Lung disease: Drugs seem to help regenerate mouse lungs damaged by cigarette smoke

Two drugs that are currently available in clinical trials have been shown to be effective in restoring the regenerative ability of mouse lung cells. This suggests they could be used for chronic obstructive and/or restrictive pulmonary disease.

Two drugs currently in clinical use may help to regenerate the lungs of mice that have been damaged from cigarette smoking. The preliminary results suggest that the drugs could be used to reverse lung damage in patients with chronic obstructive Pulmonary Disease (COPD), which has no cure currently.

COPD is the third leading cause worldwide of death after stroke and heart disease. It can also be caused by smoking. air pollutionOr genetics. It causes an overactive immune response that irreversibly damages lungs, leading in shortness of breath, chest tightness, and high mucus levels.

“The problem with COPD at the moment is that we do not have a way of preventing the progression of disease and the decline in lung function. We have only ways to treat symptoms, such as with anti-inflammatory drugs and inhaled bronchodilators. [which relax lung muscles and widen the airways],” says Reinoud GosensThe University of Groningen (Netherlands).

COPD damages epithelial progenitor cell, which normally regenerate the linings of the lungs. They cannot repair themselves. The only treatment for this has been invasive cellular therapies like stem cell implants, which are a source of progenitor cell.

A drug-based treatment may be more accessible on a larger scale. It can be used alone or in combination. Gosens and his collaborators analysed data from COPD patients and mice that had been exposed to cigarette smoke to identify which genes were more active in diseased lung tissues than healthy controls.

They were able to identify two proteins in epithelial precursor cells that caused the disease. These two proteins could be targeted with two drugs: iloprost which is used for high blood pressure in the lungs, and misoprostol which is used to heal stomach ulcers.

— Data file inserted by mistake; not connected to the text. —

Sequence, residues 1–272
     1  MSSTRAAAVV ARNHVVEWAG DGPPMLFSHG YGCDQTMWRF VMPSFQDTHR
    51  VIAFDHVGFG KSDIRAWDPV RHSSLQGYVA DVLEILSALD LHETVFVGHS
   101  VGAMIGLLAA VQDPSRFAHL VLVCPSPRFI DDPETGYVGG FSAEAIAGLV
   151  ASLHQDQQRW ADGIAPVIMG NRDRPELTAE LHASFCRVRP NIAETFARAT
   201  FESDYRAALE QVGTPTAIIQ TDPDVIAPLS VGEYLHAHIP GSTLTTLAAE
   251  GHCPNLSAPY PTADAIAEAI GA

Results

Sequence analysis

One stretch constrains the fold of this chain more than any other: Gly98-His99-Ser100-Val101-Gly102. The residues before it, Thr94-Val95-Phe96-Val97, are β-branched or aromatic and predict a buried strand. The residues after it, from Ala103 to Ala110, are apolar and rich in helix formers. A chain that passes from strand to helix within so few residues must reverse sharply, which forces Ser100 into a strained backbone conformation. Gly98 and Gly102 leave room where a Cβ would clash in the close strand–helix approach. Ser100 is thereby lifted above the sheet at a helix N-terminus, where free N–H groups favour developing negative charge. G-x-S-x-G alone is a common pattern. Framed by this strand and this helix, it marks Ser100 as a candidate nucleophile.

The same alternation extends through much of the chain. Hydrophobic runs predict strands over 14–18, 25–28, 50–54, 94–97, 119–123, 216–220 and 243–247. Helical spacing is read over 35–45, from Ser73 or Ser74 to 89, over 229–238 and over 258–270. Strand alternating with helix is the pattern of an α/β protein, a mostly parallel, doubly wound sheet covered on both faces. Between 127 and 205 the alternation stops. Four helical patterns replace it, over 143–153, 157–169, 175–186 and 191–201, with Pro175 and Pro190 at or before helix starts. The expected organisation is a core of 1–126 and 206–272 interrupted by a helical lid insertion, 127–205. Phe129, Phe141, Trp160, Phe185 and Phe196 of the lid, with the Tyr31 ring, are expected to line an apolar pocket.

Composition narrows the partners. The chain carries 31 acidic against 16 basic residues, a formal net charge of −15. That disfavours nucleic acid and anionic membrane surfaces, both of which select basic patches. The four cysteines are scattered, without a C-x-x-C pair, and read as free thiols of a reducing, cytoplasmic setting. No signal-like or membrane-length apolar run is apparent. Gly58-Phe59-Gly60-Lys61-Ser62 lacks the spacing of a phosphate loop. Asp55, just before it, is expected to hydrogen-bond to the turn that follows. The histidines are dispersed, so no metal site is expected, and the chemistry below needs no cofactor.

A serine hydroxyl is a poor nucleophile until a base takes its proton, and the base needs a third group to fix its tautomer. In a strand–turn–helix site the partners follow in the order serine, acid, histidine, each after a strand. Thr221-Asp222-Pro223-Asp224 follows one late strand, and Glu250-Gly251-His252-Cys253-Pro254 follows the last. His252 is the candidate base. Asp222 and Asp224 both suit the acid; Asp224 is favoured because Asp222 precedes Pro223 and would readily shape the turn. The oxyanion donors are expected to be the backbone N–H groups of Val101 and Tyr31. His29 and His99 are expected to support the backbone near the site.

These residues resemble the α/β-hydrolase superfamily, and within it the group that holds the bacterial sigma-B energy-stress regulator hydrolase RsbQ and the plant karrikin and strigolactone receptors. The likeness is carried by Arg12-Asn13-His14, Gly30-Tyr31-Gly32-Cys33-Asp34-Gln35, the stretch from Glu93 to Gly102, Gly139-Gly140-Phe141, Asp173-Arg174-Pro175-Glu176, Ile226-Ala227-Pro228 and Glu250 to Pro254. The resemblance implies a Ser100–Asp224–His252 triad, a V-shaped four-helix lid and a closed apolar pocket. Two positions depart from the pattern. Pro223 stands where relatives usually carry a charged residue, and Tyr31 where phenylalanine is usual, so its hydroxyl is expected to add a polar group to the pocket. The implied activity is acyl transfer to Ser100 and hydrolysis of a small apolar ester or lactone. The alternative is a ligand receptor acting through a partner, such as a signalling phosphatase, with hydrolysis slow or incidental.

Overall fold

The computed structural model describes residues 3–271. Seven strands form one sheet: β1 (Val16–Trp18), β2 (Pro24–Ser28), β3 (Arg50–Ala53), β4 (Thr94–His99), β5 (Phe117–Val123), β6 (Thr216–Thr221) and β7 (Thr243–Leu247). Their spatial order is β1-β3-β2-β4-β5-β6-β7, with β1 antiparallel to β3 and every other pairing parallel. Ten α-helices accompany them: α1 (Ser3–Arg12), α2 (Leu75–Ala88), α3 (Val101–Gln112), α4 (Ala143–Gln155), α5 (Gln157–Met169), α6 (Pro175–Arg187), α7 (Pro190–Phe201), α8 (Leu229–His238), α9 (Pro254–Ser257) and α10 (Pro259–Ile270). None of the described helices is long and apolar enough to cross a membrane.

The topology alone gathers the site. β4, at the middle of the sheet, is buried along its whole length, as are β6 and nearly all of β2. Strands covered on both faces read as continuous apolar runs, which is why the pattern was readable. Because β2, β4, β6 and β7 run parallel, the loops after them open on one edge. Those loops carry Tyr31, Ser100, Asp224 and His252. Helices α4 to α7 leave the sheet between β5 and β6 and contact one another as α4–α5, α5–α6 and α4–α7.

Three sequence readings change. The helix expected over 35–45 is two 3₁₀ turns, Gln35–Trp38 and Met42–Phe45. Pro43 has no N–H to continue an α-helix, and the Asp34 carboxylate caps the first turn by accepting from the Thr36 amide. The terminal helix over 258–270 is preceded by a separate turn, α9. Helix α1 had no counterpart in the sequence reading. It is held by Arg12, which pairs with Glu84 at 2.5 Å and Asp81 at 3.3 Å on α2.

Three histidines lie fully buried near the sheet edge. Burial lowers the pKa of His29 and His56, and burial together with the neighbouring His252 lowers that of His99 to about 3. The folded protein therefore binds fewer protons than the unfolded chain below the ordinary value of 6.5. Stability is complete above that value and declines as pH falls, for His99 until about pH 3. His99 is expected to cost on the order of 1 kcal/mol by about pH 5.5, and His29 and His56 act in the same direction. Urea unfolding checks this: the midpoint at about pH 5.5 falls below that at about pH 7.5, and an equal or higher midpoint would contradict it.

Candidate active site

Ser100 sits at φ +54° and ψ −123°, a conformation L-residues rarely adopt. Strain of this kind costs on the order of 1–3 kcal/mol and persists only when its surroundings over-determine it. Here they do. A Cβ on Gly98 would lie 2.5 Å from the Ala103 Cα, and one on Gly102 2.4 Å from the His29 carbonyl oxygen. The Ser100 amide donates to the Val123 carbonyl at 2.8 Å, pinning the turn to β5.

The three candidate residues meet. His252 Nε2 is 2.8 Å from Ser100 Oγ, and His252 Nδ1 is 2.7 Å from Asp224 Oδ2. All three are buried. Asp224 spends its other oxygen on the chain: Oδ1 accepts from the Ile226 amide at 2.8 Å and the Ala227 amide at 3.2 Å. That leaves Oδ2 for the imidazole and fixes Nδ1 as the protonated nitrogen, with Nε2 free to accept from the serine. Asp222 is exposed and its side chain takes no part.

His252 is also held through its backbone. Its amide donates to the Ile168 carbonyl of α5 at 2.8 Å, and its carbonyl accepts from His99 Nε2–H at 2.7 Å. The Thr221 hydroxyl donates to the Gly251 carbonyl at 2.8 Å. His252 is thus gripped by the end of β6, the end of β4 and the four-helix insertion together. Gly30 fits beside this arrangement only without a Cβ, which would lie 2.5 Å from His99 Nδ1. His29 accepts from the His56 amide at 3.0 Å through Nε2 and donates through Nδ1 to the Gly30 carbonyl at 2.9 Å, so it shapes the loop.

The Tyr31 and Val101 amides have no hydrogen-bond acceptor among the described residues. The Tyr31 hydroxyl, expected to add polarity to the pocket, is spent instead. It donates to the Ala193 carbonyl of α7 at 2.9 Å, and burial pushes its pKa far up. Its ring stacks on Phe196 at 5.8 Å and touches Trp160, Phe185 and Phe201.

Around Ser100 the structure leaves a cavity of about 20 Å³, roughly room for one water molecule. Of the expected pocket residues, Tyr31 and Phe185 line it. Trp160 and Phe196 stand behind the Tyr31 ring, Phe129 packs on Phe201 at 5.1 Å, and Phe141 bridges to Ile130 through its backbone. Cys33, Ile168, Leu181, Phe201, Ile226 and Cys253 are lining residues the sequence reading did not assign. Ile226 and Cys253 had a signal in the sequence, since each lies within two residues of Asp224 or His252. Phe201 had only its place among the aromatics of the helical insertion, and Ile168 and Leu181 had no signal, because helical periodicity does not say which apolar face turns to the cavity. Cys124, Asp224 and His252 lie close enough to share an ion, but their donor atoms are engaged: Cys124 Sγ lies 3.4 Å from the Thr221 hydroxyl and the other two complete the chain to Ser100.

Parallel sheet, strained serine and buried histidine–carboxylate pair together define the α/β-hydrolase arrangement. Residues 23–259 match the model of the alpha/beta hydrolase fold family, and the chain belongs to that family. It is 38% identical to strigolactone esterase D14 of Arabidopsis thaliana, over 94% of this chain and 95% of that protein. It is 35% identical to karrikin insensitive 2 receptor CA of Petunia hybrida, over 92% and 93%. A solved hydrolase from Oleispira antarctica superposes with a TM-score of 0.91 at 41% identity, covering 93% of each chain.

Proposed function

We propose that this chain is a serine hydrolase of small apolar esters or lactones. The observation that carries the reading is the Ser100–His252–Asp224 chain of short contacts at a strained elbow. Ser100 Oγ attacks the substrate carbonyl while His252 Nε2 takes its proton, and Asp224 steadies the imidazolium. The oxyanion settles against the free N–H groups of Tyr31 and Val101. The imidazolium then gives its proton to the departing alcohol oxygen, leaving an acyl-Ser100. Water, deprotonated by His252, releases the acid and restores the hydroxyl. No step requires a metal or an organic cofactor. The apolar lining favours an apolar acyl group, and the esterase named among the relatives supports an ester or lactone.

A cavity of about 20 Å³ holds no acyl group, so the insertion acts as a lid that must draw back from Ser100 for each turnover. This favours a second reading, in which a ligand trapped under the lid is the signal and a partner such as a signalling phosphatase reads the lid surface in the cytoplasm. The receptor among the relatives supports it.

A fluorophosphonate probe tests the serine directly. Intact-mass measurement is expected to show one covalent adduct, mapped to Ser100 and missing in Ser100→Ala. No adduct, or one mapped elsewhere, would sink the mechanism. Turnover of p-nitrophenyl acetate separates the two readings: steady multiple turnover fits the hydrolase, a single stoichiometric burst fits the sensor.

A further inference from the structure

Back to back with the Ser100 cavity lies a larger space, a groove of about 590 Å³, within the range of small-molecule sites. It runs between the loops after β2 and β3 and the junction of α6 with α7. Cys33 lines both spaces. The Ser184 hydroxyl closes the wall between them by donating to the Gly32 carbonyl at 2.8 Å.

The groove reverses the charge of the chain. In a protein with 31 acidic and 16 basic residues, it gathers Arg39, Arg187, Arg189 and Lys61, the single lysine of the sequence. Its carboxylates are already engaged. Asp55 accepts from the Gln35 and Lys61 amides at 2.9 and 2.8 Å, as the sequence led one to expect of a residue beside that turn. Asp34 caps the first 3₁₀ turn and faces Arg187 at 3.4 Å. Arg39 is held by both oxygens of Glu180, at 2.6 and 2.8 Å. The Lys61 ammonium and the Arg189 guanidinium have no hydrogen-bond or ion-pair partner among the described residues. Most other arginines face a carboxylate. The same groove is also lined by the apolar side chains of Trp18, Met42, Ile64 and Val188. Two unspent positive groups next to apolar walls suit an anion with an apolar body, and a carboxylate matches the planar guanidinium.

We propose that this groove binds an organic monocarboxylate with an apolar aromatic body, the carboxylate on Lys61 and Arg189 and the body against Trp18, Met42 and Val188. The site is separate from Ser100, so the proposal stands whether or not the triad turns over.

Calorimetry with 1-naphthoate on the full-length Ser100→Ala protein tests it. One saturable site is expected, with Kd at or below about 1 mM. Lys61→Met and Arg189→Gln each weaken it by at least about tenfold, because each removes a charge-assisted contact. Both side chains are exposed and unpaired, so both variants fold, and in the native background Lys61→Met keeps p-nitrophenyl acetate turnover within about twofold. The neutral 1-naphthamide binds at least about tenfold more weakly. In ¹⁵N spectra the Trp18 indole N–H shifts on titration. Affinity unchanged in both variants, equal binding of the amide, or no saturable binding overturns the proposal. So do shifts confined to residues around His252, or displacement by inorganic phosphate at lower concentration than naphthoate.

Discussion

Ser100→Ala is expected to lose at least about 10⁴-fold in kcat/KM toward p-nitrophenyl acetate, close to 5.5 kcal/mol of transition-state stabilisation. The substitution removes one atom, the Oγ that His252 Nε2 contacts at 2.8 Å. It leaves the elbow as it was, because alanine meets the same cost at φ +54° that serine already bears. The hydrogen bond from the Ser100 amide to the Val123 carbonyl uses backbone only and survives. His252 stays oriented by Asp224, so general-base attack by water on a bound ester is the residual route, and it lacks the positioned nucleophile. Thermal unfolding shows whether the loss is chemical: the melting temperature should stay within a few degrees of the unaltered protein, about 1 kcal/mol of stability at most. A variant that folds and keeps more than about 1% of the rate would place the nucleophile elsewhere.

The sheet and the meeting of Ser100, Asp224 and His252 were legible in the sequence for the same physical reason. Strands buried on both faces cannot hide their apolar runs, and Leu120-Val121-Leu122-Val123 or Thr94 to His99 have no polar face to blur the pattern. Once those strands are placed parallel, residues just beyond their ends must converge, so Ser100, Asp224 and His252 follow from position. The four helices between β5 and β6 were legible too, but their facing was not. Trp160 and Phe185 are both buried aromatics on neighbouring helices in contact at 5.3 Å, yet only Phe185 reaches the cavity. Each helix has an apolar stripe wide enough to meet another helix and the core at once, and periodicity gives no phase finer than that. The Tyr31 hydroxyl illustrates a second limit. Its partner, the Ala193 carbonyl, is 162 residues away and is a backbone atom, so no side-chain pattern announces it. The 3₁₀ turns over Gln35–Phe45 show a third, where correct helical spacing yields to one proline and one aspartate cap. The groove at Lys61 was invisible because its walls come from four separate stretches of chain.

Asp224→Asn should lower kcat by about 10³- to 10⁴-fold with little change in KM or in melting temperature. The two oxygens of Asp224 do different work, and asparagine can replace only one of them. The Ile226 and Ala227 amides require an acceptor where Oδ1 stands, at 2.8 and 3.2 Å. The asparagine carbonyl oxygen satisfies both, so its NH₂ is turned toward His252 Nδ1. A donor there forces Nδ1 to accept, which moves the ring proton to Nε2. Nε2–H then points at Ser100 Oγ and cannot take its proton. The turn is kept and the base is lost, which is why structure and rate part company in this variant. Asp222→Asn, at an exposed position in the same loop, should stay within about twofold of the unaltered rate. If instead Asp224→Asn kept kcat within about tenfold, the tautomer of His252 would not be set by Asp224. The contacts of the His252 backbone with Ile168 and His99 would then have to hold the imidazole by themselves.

The team exposed mice for four months to cigarette smoke in order to test the drugs. The team then took the mice’s lung progenitor cells and grew them in gel for 14 days in either a drug- or non-drug-containing dishes.

“You take the progenitor cells and place them in a gel, then they form these mini-lung structures known as organoids,” says Gosens.

The team compared the formation of organoids in the presence and absence of the drugs. They found that both drugs seemed to fully restore the progenitor cell’s regenerative capacity, which had decreased after cigarette smoke exposure. The drugs had the same beneficial effect as the previous extracts of lung progenitor cells.

“Compared to other drugs that can support lung regeneration in animals, the big benefit of the drugs we’ve identified is that they’re already used to treat other conditions, so we know that they are safe and they are similarly effective,” says Gosens.

Further analysis revealed that the drugs work by restoring the circadian clocks within the lung cells. These clocks are affected by smoke exposure.

Although organoid formation may indicate the potential for regenerative power of cells, more research is needed to confirm that drugs actually kick-start this process.

“The idea behind this work is wonderful. I’m really delighted to see people working on regenerative power using drugs in COPD. The model is based on mice with a lifespan of 20 years. COPD patients are typically around 50, and we know that regenerative power decreases with age. Better models are needed to really establish therapeutic potential,” says Rolf ZiescheVienna Medical University, Austria

Journal reference: Science Advances, DOI: 10.1126/sciadv.abj9949

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